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November 2018 Newsletter

Newsletter

Upcoming SMC Youth Commission RFP! 
San Mateo County Youth Commission Request for Proposal will be released December 5, 2018! San Mateo County Health will be seeking proposals for a provider with experience in youth development and a commitment to supporting the well-being of all youth in San Mateo County. For more information, read here.

Health Equity Now! – Says the Largest Public Health Professional Association 
The American Public Health Association (APHA) focused its 2018 annual conference on Health Equity and made a point to focus on racial health equity as a critical priority for the profession. The opening plenary featured Dr. David Williams from Harvard, who has developed pivotal research on “how racism makes us sick.” This dynamic and well-respected professor shares some of his research in plain language in this TED talkRead more…

Items to include in this newsletter

Staff Perspective Maeve Johnston

Youth Speak! Amplifying Voices from the Community Collaboration for Children’s Success

“Family therapy brought me closer to my dad,” says an incarcerated youth at San Mateo County’s Youth Services Center. “I was never as close to my dad as I am now.” We’re discussing what would have made a difference for him—the supports and barriers along his path, which for most of the last two years has taken him in and out of this detention facility. Access to family therapy and a supportive parole officer has been stabilizing since he has been incarcerated, and he pauses to consider the earlier supports that could have made a difference.

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Supporting Children and Youth in Daly City 

On November 5, Daly City kicked off its Community Collaboration for Children’s Success planning process in the cozy space of Daly City Partnership’s facility Our Second Home. A diverse group gathered to discuss the unique assets and challenges in Daly City and began to lay the groundwork for the initiative, identifying possible community champions and data collection strategies.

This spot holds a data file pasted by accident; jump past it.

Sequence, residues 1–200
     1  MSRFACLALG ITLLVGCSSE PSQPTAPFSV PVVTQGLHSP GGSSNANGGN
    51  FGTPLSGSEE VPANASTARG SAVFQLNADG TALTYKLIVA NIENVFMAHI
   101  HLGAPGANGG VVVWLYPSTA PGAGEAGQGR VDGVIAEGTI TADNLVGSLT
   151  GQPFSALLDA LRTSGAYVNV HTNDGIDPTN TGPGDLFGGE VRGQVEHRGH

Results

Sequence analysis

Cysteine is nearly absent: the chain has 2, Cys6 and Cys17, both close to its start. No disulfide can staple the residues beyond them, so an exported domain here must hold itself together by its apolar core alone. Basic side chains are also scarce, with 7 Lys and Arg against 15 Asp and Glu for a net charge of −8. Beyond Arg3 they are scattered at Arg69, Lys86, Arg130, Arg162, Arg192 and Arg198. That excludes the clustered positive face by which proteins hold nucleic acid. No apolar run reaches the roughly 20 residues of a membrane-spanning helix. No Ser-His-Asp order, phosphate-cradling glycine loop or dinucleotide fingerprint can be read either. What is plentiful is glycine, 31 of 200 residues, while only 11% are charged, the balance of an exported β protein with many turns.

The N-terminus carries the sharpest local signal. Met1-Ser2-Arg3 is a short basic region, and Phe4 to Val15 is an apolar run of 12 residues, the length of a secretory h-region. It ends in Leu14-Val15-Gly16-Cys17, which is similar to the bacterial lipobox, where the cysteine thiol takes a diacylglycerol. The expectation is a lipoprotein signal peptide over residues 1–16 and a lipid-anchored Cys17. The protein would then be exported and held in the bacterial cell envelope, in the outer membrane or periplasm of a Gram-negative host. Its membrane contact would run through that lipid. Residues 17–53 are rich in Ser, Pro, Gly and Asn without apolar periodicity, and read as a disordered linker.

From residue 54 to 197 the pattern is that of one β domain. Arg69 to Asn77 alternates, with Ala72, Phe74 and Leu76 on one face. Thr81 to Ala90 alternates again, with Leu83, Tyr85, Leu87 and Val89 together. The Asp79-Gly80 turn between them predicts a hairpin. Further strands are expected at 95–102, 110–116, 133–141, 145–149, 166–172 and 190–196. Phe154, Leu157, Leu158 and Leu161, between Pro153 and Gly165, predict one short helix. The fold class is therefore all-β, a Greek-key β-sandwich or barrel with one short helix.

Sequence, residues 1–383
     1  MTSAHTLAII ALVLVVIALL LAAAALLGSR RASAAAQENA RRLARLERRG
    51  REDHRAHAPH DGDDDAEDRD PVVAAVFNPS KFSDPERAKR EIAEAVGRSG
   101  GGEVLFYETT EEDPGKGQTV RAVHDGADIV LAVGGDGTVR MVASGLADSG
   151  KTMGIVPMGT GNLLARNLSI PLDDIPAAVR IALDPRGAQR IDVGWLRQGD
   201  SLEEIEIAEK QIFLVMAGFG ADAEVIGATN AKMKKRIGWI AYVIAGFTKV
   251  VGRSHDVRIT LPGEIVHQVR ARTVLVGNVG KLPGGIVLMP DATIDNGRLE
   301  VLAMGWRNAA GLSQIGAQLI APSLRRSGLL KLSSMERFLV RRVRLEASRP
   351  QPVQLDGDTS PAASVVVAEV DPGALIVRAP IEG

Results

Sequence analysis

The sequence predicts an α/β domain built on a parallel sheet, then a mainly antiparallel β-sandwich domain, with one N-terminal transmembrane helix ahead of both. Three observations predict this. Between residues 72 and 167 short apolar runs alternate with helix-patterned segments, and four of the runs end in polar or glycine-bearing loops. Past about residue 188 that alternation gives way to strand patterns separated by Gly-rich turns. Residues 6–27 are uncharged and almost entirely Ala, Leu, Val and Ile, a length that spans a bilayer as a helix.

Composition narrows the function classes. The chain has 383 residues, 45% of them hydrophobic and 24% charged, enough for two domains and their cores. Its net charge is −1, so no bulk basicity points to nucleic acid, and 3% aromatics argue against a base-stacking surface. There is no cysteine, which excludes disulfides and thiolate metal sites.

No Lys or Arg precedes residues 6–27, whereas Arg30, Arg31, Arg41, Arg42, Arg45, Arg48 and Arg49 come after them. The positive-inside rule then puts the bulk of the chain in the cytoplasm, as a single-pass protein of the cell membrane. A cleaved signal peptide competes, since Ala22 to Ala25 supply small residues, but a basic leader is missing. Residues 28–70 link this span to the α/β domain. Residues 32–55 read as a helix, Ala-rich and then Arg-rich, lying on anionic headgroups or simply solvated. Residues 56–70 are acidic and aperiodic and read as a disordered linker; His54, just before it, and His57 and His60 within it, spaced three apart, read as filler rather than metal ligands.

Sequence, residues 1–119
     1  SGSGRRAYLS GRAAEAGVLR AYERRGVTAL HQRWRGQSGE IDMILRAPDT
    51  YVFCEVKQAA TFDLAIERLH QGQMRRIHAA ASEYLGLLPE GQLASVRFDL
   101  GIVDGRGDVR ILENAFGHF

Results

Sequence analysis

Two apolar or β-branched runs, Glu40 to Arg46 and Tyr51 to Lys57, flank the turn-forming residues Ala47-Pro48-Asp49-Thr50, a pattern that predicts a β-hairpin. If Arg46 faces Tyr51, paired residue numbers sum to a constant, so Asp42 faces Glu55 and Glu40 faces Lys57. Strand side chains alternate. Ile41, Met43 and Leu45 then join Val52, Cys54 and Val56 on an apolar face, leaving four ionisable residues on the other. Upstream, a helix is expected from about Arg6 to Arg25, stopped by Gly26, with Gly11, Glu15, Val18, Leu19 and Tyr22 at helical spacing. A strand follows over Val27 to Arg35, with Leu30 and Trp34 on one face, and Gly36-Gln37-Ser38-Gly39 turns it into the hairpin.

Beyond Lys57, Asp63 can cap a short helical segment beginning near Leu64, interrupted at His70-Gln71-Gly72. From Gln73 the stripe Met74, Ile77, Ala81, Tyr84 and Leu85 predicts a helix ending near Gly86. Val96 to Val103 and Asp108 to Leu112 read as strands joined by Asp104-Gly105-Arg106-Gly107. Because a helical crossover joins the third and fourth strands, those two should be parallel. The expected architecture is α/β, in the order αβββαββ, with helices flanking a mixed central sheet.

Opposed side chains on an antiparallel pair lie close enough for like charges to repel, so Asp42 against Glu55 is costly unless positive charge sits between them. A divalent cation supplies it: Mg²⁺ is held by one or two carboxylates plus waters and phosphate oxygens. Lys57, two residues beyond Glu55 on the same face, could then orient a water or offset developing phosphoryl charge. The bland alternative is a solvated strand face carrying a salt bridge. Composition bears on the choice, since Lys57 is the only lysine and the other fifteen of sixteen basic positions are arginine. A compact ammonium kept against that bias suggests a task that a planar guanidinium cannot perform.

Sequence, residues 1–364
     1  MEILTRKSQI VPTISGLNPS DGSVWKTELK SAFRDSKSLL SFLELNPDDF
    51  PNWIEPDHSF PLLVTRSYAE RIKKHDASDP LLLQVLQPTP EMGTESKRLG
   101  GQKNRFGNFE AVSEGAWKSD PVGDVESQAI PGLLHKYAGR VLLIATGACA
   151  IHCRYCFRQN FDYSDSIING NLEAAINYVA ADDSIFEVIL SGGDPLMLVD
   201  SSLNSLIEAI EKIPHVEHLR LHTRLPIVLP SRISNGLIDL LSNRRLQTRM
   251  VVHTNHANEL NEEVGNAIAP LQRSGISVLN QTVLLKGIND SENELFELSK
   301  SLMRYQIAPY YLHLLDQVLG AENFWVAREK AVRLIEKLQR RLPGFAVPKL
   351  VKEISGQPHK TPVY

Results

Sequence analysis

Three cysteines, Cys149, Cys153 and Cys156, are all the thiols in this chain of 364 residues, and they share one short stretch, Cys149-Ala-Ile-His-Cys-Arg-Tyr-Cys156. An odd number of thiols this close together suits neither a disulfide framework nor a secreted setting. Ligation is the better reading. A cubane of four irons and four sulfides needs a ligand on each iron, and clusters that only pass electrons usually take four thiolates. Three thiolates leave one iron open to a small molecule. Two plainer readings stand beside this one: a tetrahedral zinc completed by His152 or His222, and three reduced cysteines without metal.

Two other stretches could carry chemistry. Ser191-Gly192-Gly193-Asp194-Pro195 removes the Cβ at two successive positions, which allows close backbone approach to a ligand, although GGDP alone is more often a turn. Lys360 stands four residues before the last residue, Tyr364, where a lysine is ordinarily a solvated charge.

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Continued Support for Restorative Justice Practices in Schools

The San Mateo County School Wellness Alliance is planning to focus the 2018-19 school year meetings on supporting implementation of restorative justice practices. The SWA will be working with districts that have already received training on restorative justice practices to ensure staff are comfortable implementing the strategies that they have learned. Stay tuned for more information on our next meeting in early 2019.

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Learning Beyond the Classroom  

Garden-based education is an important part of the work we support through Get Healthy SMC. One of our key partners supporting this work is The HEAL Project. The Heal Project manages the San Mateo County School Farm and provides students from across the county with opportunity to get their hands dirty on a working farm through their field-trips that include on-farm education. Over the last year The HEAL Project hosted 2,451 students from 30 schools at the County School Farm.

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Supporting Daly City Entrepreneurs 

Get Healthy San Mateo County recently partnered with the City of Daly City and the Lawyers Committee for Civil Rights to host a free business law basics workshop at City Hall. Entrepreneurs were able to learn about topics such as intellectual property and choosing a business entity from options such as sole proprietorships, limited partnerships or corporations.

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Ask Your Doctor to Prescribe Outdoor Time 

The health benefits of spending time in nature are well documented. The Park Prescription (Park Rx) program builds on the power of a doctor’s recommendations to encourage patients to spend more time in nature to improve their health. Physicians at the San Mateo Medical Center and the Ravenswood Clinic are working to encourage patients and their families to spend more time at local and regional parks.

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Anticipating Repairs Costs in Unpermitted Garage Conversions

Our Get Healthy SMC partner, Rebuilding Together Peninsula (RTP) began renovations on one of four red-tagged garage conversions that had many building and fire code violations and expects to bring the unit up to code as a permitted bedroom by Thanksgiving. Through this pilot project, RTP is finding that what triggered the initial code enforcement violation is minor compared to major structural issues or health hazards uncovered when the units are properly converted in compliance with local planning, building, and fire codes.

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